(This is the fourth of my excerpts from my memoir, My Life In The Sunshine.)
My musical journey began at the tender age of five years old. My mother sent me to learn piano from Mrs. Lambright who lived on Pasadena Avenue. I wasn’t crazy about it because it interfered with my outdoor activities (as limited as they were at that age).
After five years, understanding that I would not be another Duke Ellington, much less as good as my talented neighbor, Brenda Randolph, who sounded like Hazel Scott without an orchestra, my mother allowed me to quit taking lessons. But when I got to junior high school, I decided I did want to play an instrument and chose the trumpet. Regrettably, all the trumpets were in use. So, for one semester, I played string bass. My signature piece was the theme from Dragnet.
Still wanting to play a brass instrument, though, I was able to obtain a French Horn from the school’s inventory. Our band and orchestra were ultimately comprised of four French Horn players: Myself, Maggie Gibbs, James Spears, and Gerald Jackson if my memory serves me right. I became First French Horn beginning in the eighth grade.
Our quartet became good enough that our band director, Mr. Wenzel entered us into the All-City Music Contest. We won first place in the duet and the quartet. I came in second in the solo contest.
The event took place at West Technical High. I don’t remember any other black musicians in the place. Five people were in the room when we started playing. Halfway through, another twenty-five to thirty curious onlookers had gathered.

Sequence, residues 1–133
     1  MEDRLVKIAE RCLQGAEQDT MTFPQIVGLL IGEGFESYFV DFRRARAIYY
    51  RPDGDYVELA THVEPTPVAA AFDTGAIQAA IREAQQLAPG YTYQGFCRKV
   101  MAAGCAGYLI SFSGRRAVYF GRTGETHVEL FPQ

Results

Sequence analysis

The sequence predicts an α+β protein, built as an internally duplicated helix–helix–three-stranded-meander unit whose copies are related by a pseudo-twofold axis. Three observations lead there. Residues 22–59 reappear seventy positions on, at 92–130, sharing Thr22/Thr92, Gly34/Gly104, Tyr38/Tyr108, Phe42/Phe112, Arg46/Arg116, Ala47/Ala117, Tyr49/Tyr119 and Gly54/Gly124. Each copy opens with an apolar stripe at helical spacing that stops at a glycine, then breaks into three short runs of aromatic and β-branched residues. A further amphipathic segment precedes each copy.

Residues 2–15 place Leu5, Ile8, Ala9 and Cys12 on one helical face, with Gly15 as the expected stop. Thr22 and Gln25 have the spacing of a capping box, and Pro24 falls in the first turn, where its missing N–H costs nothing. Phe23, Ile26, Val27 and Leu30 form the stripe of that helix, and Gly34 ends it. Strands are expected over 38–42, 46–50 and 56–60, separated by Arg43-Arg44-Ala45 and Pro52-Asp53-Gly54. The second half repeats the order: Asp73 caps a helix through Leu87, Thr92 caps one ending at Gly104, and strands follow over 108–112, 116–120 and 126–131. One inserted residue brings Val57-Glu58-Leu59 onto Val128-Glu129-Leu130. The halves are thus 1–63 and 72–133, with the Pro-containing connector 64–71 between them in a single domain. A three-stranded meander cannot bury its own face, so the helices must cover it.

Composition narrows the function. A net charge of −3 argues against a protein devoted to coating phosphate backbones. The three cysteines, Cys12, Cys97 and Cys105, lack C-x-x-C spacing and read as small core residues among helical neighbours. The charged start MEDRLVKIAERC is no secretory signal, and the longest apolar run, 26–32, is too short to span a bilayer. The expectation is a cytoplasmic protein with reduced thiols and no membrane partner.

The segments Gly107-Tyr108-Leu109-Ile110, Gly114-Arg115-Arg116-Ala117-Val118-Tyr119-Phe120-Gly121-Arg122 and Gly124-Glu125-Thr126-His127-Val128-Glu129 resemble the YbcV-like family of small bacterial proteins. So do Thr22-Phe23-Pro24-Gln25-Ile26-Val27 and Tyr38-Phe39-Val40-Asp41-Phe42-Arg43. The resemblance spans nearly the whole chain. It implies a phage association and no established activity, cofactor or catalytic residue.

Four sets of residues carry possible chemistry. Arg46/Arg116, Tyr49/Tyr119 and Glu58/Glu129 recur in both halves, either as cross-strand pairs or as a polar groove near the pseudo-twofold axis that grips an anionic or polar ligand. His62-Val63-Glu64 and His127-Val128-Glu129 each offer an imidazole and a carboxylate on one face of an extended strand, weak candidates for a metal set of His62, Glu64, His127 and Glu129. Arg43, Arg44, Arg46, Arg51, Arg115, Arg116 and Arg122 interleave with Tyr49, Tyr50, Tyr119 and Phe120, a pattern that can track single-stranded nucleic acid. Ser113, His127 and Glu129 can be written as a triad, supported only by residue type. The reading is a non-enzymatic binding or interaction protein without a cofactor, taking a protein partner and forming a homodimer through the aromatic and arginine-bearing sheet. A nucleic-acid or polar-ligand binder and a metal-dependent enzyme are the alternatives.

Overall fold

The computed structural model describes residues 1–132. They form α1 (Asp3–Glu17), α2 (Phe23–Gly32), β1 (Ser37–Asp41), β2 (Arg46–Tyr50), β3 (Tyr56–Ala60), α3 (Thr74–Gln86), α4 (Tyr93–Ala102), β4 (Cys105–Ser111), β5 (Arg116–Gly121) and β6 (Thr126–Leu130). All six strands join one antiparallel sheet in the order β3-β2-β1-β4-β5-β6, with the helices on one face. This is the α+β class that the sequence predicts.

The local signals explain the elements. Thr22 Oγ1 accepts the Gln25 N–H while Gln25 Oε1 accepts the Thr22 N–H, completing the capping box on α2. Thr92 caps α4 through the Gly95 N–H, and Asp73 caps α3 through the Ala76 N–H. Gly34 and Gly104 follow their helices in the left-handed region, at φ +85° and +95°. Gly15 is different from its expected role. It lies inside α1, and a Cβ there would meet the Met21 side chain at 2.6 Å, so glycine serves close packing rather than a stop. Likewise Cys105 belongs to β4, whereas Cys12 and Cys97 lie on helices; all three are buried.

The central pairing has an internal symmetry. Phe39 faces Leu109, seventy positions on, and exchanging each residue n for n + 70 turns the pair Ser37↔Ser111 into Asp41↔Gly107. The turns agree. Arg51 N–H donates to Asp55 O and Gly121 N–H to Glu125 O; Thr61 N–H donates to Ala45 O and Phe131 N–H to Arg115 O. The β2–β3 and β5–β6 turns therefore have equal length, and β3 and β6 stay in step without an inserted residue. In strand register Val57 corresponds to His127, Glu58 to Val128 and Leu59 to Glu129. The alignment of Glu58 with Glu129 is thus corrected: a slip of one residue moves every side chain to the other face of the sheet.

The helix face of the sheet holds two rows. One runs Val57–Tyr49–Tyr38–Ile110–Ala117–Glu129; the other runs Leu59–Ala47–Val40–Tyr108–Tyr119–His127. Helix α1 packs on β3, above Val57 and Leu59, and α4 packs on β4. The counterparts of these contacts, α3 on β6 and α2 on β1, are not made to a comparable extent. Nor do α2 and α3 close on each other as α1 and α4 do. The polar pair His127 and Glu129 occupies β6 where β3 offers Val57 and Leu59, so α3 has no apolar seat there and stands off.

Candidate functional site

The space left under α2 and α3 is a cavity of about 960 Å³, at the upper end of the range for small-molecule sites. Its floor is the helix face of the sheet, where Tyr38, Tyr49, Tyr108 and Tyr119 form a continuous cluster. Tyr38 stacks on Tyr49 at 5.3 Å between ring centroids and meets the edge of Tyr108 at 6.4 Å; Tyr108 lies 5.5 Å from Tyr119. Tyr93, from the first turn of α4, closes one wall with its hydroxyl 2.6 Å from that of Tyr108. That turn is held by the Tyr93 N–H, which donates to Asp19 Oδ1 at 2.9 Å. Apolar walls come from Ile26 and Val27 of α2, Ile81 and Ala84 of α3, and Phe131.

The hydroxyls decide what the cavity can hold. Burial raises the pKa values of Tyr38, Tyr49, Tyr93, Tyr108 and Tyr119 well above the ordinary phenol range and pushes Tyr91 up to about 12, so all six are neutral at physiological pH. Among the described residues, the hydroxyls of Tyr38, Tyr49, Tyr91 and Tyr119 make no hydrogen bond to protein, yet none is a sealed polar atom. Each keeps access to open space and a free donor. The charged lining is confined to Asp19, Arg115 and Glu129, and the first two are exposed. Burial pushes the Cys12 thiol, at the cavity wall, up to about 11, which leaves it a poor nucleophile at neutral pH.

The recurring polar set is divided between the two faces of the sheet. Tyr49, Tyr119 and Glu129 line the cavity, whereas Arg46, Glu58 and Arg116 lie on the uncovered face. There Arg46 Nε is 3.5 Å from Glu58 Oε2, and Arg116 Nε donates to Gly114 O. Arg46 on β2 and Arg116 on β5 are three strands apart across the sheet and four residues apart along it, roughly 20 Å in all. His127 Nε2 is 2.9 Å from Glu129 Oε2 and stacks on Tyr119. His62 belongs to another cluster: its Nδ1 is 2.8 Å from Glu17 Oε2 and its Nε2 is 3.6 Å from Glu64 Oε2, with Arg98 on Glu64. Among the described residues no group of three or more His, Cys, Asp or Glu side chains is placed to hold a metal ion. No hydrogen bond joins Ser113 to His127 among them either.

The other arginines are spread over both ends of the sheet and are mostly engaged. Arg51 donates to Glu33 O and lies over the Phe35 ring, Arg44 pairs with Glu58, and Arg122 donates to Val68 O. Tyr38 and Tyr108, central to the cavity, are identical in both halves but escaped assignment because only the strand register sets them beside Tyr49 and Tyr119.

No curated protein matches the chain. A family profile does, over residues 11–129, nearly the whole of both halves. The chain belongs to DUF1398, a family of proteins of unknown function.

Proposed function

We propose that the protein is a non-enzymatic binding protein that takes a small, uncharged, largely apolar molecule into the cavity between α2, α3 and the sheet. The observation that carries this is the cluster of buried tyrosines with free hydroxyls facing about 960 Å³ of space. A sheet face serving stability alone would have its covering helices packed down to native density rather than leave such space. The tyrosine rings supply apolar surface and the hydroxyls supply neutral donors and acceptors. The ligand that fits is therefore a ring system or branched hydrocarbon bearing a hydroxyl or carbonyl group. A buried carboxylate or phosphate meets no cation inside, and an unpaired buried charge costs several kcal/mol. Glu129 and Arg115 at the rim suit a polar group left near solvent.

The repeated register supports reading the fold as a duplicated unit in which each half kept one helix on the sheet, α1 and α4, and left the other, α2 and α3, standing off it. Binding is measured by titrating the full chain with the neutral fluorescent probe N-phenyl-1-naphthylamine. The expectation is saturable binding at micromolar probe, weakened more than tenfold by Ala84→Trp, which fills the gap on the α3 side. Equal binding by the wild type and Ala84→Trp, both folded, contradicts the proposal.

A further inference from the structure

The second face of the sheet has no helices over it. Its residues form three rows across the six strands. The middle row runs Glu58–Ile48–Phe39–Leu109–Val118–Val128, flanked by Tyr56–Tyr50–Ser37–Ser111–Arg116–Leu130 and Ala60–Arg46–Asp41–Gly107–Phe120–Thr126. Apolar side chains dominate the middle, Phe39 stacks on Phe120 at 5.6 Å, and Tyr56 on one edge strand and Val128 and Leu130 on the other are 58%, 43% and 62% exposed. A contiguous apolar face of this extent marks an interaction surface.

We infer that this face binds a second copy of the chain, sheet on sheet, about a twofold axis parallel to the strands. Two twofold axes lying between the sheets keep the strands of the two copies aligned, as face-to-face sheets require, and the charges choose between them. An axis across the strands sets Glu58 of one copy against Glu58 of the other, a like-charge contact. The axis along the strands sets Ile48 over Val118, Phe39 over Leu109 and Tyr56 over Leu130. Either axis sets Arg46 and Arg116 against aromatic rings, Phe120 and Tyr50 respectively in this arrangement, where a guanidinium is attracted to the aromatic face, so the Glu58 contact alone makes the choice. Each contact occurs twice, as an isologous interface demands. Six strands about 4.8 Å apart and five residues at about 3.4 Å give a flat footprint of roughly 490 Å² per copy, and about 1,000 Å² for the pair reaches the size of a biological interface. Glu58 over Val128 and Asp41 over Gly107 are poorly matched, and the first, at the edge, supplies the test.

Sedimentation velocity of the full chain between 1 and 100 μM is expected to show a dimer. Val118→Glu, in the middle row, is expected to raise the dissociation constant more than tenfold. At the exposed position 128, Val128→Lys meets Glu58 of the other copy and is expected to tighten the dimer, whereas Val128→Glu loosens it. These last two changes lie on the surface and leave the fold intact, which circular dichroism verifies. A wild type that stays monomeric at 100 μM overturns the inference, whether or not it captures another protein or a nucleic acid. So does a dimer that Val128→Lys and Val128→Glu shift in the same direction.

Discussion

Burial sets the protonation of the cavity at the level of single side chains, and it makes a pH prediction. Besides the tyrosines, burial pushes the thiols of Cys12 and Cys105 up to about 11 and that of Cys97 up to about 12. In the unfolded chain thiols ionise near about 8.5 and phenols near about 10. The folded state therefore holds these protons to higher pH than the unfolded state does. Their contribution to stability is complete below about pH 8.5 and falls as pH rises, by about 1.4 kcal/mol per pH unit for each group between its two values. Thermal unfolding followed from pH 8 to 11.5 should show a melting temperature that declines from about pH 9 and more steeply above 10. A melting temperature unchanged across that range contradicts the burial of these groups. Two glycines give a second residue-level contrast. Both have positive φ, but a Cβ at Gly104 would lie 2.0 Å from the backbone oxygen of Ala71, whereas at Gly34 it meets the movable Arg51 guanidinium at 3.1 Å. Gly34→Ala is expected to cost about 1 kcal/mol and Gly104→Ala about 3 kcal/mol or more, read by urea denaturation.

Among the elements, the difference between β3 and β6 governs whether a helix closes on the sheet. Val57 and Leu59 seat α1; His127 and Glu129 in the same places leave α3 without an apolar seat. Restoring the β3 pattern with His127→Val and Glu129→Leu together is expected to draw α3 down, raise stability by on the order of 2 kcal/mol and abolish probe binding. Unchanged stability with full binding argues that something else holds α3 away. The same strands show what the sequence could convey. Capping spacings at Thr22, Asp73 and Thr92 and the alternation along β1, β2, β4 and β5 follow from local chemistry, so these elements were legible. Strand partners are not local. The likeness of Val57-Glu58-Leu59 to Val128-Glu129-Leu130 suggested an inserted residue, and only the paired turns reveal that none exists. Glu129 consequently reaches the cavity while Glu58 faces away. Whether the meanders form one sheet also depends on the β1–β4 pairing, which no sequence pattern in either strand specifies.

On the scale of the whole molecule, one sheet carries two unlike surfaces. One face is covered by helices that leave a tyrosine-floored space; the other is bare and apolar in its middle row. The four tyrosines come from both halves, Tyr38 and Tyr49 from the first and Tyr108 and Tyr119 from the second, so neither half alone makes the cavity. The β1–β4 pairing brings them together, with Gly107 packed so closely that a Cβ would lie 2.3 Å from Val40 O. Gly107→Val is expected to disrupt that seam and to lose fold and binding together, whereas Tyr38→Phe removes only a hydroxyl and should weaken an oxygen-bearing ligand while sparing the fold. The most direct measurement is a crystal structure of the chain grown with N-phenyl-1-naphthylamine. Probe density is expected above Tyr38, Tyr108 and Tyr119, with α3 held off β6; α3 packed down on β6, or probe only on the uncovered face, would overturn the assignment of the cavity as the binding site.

In high school, I was invited to try out for the All City Band, where I eventually became first French Horn there, too. Later, I was asked to join the prestigious All-Ohio-Boys-Band, where I again played first French Horn.
During that period, I finally got a trumpet as a Christmas gift and jammed with some older friends: Arthur Jones, Kamal Abdul Alim, and Blanco Williams.
Arthur Jones, a great tenor sax player, eventually moved to Paris. I lost track of him but learned from Kamal that he often played in the streets. That can’t be good, I thought. But I later learned that, unlike the United States, musicians made good money playing in public places.
Kamal played in jazz bands around the country and still plays today. He also taught music. Blanco, who is no longer with us, became a jazz historian.
Blanco was a stone thug in school, so when he phoned me one night, I swore he was calling for bail money. But to my surprise, he says, “Prewitt, I got my doctorate degree in music!”
I began wondering what drug he was on.
“I’m going to bring it over because I know you don’t believe me.”
Although I was curious, I responded, “Blanco. It’s 11 PM. Let’s do this in the morning.”
Sure enough, that next day, he presented me with a doctorate degree certificate. My man!
I was the only one of the four who peeled off from the music scene after attending college. What the experience did give me, though, was an appreciation of musical genres from classical to the blues, all of which are now on my playlist.
And although I hardly touch my trumpet, I can still play happy birthday to my family.